Fall 2016 (Volume 20, Issue II): 20th Anniversary Issue

How I Escaped the Vagaries of Time...

by Robb Astor




The Hour of I

I noticed one afternoon a carriage and in it a baby whose glassy eyes reflected clouds. The baby had yet to learn the differences between the sexes, between the young and old, the rich and poor, how some of us are fast and others slow. It did not distinguish between broccoli and chicken.  I sat down before a meal. I really can’t tell you if it was breakfast or dinner, whether or not the scrambled eggs were runny.  All I remember was a clock, the old archaic kind with hands, a big clock towering over the city, or maybe it was just a crow crossing the face of the moon.  Isn’t it funny how we get used to the hands advancing the way they always do? At first I thought the clock was broken, the minutes and hours whirring like a fan, but then I noticed how the sun streaked across the sky, and how the stars arced.  I mistook them for space junk, thought they were our own nuclear devices returning to bite us in the ass. My hands were only metacarpals littering the table. I watched with a mouthful of un-chewed eggs as all my scattered bones blew away in puffs. The clock tower toppled.  Robots milled about like agitated bees, then came a blinding flash of light.  An acorn rolled across the table and fell to the ground.  Burrowing into the soil, it became a green eruption that splintered into seedlings. Deep in a forest I closed my eyes. I opened them again and a new heaven and earth appeared, but without any glorious beings. I watched the universe explode. It reminded me of a woman in sunlight wearing a long navy blue dress, her bare calf emerging like a slow trickling brook from the dress’s long slit, a shining white sandal glinting in the sun.  Her young daughter beside her squinted into the brilliance.  Look mommy, who’s that man at the table? The woman turned and looked at me. What man, honey? You’re imagining things. But then something happened which proved to me my own existence— a crow bearing an acorn flew across that hollow of sky they used to call the moon.


The Hour of II

A man tugs on the red leash of a cocker spaniel held in the arms of a woman in a black bikini.  Coming from behind I am suddenly in Amsterdam on an early evening strolling beneath white smudges of drifting clouds. I used to be younger than I am, and many times I’ve been older. Yellow leaves of cottonwood lie in clusters on the shore.  I don’t understand how the waters of the bay can hold so many more colors than the sky. Can you tell me how one place is another place, or how time can pass through all the things I’ve ever seen in her eyes? The lips of strangers are her lips. They say the things she used to say, though all the words are different.  Words are also scattered on the shore.  I fled that couple with the dog, the red leash and black bikini, but apparently they’ve followed me. Why does everyone end up in Amsterdam, that city of discarded colors?


The Hour of III

Sun falls softly on this equinoxal day. The breeze draws the afternoons of summer away from the lake. How clouds crowd the horizon.   A few red tomatoes still dot some brown withered vines. A jay rasps out its call and so does a solitary frog. Grasshoppers have grown fat. It’s hard for them to move. Even the idea of their own demise is not enough to stir them.  Of my own life I have nothing to say, nothing to add or take away. In my mind I’ve had many lovers, as many as I’ve wanted.  How meaningless is hunger, how many motes of light are born and die on the endless waves of water agitated by the breezes. The sun hangs low, a seagull flies away. Clouds fat as grasshoppers have nowhere left to go. The far shore is shadowed, but here the light stretches long.  My eyelids grow heavy filled with so much insect song.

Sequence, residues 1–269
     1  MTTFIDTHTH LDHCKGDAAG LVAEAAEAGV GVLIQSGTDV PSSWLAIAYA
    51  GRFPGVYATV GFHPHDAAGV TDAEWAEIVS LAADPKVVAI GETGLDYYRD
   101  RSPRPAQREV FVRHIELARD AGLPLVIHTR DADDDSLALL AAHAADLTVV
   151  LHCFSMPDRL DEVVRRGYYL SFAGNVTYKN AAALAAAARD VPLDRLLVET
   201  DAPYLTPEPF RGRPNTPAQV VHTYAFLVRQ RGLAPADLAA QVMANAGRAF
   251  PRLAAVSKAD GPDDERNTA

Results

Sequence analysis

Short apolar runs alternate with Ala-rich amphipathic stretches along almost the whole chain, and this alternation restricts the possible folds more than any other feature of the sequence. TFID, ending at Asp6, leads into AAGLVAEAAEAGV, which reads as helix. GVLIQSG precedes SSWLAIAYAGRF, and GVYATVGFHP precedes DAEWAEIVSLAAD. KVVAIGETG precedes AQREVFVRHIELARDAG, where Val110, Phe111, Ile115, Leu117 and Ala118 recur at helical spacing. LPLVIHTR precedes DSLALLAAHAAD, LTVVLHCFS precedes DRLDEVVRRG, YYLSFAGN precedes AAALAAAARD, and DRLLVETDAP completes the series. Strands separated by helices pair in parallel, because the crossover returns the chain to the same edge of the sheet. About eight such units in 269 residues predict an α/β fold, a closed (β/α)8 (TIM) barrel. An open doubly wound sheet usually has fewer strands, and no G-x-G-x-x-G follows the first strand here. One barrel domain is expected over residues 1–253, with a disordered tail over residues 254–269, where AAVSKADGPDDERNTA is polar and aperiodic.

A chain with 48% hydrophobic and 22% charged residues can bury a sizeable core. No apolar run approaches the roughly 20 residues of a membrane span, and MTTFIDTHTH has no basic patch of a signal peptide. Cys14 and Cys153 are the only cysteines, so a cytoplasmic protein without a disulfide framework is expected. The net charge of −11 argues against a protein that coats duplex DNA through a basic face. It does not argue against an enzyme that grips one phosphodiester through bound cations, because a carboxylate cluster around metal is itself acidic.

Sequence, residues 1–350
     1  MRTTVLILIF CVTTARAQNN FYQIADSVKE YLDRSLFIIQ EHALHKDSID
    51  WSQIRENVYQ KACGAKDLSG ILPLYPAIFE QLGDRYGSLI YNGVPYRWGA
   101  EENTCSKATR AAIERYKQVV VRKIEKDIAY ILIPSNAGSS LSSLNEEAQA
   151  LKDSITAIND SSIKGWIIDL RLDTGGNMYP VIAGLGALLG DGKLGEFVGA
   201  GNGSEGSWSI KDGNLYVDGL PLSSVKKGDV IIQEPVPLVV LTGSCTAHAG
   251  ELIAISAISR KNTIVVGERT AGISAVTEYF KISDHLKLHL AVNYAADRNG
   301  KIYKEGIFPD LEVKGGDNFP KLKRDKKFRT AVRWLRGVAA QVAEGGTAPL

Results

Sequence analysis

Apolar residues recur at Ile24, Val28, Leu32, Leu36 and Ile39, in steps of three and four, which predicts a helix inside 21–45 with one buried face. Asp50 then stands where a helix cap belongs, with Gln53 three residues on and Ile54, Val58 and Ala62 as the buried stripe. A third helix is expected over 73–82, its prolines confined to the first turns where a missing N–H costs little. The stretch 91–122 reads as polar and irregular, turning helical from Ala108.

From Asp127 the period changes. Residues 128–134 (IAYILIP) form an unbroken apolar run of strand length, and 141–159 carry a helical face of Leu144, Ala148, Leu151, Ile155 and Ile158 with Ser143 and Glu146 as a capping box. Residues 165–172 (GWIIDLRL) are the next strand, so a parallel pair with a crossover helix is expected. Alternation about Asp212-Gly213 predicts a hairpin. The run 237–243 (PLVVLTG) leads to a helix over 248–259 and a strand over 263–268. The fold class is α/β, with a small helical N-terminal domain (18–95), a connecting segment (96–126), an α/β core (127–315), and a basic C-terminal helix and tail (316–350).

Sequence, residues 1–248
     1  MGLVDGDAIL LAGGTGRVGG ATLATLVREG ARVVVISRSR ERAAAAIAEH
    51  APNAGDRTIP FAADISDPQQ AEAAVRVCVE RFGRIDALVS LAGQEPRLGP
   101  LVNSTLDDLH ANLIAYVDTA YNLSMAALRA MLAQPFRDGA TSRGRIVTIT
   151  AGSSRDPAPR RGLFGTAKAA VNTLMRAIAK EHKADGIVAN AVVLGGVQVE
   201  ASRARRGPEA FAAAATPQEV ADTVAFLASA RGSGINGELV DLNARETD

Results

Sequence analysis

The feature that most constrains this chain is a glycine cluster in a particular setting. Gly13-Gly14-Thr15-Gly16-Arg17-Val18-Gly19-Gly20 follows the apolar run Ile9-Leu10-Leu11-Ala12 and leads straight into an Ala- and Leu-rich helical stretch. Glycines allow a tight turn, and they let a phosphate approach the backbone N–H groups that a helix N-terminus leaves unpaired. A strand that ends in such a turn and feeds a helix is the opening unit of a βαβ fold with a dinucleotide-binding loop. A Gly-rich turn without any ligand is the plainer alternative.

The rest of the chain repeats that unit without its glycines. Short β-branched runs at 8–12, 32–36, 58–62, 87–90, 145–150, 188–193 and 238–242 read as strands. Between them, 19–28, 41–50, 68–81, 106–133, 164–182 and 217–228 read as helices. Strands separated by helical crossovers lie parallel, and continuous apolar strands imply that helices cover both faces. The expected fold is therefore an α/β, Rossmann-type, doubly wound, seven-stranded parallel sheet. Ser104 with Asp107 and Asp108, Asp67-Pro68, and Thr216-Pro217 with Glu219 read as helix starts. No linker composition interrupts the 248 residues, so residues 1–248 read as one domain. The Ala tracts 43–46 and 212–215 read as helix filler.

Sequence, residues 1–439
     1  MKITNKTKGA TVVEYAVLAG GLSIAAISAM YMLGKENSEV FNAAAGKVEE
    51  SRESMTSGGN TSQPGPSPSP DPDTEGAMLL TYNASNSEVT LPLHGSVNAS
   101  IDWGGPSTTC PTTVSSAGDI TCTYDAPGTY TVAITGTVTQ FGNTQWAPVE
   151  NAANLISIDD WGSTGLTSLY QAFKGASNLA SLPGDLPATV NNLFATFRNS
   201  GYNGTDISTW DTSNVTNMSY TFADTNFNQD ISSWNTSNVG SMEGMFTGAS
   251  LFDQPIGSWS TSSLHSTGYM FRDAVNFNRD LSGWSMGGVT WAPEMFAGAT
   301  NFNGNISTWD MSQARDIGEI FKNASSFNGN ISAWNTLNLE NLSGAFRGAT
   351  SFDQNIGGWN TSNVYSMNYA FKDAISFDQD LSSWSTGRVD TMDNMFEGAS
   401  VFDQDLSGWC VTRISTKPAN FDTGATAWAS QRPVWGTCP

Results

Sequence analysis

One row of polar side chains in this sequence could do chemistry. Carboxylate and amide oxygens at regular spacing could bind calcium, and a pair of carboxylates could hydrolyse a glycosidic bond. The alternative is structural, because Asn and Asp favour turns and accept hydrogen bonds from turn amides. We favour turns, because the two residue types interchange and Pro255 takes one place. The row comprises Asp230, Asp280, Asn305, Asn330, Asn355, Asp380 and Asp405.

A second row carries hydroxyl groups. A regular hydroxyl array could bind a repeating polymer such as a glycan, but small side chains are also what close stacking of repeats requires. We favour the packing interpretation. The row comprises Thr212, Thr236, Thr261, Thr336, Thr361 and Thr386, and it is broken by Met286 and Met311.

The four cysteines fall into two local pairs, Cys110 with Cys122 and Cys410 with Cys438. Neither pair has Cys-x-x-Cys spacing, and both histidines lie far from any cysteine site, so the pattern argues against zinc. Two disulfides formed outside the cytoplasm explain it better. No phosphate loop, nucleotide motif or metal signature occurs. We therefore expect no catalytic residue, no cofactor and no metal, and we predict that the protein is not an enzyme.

The Hour of IV

I understand this is a departure from the narrative, but I sit in the shitter of our great public library, reading a book of Gary Barwin’s. The blue walls of the stall have opened into vistas, and the regular divisions of the tiled floor have become a metropolis.  My feet, and pants around my ankles, take up many city blocks. A dark shadow looms over the civic center.  Something’s hanging in the air. A thunderstorm is rumbling— a shit storm on the eve of the election. Politicians decry the need to bolster the water works, but let me assure you the pipes will hold.  I unroll a long strip of toilet paper, and lay a major highway, indiscriminately, across the city. Lost in my own greed for power I’m oblivious to the line of gathering electorate obviously agitated, waiting outside the bathroom door.


The Hour of V, VI, VII, etc.

Time went on without me. I sat at a small table near the corner of a street and watched people pass. The growing harvest moon was beginning to pull me away from the world, but the clicking of heels across pavement kept piercing me like a needle with thread, darning me, trying to hem me into the there and then.  Somewhere bells were ringing, but I could never find them.  They were always turning down some far off corner. I followed their trail of cottonwood leaves, but lost my way among profanities I’d discovered inside plastic wine glasses discarded in the grass. I had to stop and rest my eyes. When I opened them again I found myself beneath the shadow of a hollow clock. I was surrounded by huge rusty gears. A hairy old man stood beside me, reciting some of the days he’d found among remnants of the world’s abandoned calendars.  Just yesterday they found him floating dead in that part of the river where there are no currents.

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